New Moon Uposatha Day , March 22, 2012
index to series
With this posting I conclude this longer than originally anticipated weekly series on meditation.
In episode #1 I expressed concern for the bewilderment, doubt and contention resulting from the daunting plethora meditation methods, along with differing reported experiences and lack of uniformity of vocabulary used to talk about meditation. Although I have discussed only a few of the methods I hope to have provided a basis for sorting these out so that potential gaps or special features of any particular method can be recognized and communication can be normalized.
Mostly I hope this is reassuring to the general practitioner that the method they are following is probably A-OK even if it has undergone a long historical evolution from the Buddha’s original teachings on meditation. This is because of the self-corrective nature of meditation techniques when they are applied and transmitted by sincere practicing yogis over many years.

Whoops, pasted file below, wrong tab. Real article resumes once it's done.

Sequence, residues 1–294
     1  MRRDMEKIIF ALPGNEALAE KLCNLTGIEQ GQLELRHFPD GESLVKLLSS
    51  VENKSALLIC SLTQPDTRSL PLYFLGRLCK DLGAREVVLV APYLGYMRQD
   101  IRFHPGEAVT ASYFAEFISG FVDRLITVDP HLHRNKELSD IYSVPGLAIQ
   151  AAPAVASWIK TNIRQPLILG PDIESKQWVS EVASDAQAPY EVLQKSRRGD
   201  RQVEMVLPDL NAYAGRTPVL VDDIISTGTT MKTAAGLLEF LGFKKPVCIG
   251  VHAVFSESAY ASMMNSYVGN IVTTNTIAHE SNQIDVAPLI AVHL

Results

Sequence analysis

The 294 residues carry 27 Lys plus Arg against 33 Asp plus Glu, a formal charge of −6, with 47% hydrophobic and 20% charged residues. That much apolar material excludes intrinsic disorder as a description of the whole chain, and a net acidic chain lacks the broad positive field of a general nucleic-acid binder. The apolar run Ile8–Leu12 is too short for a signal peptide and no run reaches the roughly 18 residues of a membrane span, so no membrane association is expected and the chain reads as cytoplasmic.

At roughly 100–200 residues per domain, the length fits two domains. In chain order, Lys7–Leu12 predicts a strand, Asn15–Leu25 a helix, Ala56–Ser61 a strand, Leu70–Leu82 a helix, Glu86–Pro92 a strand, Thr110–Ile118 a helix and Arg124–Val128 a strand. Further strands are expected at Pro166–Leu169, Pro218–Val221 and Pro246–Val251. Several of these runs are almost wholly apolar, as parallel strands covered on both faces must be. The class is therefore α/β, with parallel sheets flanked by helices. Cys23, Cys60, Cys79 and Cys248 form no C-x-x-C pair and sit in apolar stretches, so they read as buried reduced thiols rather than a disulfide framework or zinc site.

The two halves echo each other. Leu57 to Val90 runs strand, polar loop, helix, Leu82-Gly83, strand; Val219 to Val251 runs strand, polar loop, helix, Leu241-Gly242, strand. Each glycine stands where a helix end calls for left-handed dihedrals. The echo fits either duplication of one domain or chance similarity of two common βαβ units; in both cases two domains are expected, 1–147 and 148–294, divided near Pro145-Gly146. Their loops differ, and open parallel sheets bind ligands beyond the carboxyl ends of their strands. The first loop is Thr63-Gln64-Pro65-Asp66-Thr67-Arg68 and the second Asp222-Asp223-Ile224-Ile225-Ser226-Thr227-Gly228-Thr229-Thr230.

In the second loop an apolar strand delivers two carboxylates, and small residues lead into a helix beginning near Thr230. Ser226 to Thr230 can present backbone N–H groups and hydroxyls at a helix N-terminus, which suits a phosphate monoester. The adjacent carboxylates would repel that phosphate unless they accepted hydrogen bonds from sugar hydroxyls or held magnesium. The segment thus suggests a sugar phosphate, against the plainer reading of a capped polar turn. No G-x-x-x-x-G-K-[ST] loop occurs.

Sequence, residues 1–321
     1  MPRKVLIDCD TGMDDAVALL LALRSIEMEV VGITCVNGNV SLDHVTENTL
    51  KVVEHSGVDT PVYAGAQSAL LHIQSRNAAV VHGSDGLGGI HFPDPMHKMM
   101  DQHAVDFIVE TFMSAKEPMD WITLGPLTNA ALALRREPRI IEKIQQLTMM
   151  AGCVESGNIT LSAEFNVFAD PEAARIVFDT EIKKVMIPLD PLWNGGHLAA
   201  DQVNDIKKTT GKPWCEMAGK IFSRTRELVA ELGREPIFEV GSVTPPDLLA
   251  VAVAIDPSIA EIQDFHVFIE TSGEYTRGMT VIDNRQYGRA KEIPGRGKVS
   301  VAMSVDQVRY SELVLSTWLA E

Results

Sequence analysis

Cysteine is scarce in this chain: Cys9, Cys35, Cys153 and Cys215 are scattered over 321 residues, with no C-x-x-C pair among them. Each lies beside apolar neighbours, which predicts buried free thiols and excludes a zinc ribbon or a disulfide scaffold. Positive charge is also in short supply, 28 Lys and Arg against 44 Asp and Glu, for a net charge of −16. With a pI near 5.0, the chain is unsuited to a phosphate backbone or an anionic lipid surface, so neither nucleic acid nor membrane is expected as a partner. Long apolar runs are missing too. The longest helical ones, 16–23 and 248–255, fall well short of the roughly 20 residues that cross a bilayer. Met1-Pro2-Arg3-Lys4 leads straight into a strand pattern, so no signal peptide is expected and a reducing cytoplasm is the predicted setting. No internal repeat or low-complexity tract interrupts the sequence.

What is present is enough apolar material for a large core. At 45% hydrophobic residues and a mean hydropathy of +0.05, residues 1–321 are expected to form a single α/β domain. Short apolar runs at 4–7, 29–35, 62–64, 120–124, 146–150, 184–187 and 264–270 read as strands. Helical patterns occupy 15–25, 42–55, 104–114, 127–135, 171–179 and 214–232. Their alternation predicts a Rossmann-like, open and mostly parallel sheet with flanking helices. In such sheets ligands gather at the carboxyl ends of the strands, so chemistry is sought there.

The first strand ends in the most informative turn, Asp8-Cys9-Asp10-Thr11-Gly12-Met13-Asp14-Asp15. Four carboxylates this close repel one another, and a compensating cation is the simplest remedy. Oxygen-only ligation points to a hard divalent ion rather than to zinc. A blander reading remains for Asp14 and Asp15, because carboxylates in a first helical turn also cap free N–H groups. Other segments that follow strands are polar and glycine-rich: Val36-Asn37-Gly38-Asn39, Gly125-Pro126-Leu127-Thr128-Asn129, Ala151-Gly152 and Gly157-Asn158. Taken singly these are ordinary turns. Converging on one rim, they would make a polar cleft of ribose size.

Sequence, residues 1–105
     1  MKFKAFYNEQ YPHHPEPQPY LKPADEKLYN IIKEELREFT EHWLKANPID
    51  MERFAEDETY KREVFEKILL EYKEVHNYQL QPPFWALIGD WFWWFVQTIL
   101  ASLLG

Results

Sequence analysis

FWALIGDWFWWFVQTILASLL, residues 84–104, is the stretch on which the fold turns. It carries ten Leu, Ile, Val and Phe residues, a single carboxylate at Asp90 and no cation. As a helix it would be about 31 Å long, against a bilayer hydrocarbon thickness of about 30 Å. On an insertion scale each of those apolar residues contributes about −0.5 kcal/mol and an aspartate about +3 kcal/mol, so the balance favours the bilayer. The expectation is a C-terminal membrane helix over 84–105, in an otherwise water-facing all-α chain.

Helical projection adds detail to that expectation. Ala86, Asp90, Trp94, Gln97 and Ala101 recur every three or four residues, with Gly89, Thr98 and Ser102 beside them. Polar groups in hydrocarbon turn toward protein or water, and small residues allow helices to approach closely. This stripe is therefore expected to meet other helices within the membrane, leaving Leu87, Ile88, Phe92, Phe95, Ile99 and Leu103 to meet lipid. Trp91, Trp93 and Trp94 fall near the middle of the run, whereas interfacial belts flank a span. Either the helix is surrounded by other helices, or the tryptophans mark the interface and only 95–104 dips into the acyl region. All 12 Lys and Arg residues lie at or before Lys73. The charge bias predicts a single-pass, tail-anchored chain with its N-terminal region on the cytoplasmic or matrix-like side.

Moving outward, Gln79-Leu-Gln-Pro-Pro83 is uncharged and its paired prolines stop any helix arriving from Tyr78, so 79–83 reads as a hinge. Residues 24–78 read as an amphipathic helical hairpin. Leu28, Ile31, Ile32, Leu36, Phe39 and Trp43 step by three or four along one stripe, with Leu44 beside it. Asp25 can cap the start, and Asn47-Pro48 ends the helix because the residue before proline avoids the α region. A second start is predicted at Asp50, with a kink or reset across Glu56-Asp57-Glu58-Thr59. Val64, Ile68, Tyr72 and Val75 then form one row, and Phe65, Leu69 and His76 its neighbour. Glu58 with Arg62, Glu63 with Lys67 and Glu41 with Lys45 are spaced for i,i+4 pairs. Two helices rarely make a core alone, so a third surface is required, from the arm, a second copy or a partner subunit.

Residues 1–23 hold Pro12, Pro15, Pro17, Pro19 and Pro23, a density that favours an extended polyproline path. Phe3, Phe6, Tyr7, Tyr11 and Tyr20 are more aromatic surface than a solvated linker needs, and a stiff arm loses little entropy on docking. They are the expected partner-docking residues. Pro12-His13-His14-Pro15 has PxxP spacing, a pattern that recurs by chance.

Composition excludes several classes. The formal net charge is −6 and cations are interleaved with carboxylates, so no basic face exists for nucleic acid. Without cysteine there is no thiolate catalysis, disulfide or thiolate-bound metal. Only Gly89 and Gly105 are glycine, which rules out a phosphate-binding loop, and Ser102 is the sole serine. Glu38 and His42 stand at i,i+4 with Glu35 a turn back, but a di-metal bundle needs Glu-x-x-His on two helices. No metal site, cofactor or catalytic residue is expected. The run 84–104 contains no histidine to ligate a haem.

The first several posts Buddha’s meditation, the natural standard for comparing and evaluating meditation techniques. My view, not shared by all, is that we have a very clear basis for understanding what the Buddha’s meditation was.
First, we have the scriptural sources in the Suttas and the Agamas, which though not perfectly are pretty darn reliable.
Second, we can piece together from these sources something that makes functional sense. In fact a coherent and comprehensive system emerges that is fully an expression of the remarkable genius of the Buddha that serves to gather and focus the rays of the entirety of Buddhist practice, in its conceptual, ethical and affective dimensions, and turn them ineluctably toward Nirvana.
Third, we have the direct experience of living breathing yogis to verify the efficacy of the many individual aspects of this system.
The fourth support for our understanding of what the Buddha taught I did not mention at the beginning of this series because it would not have made much sense at that time. This is to use a plausible historical account of the variants to affirm the correctness what we think the original is. For instance, in my exposition I described the Buddha’s method then tracing its historical evolution from that point I could account for the Zen variant as a simple adaptation of the Buddha’s meditation to Chinese cultural influences. And I could at the same time account for modern Vipassana in terms of an historical intrusion of a non-Buddhist technique. The simplicity of such accounts serves to affirm that the original description of Buddha’s method was correct.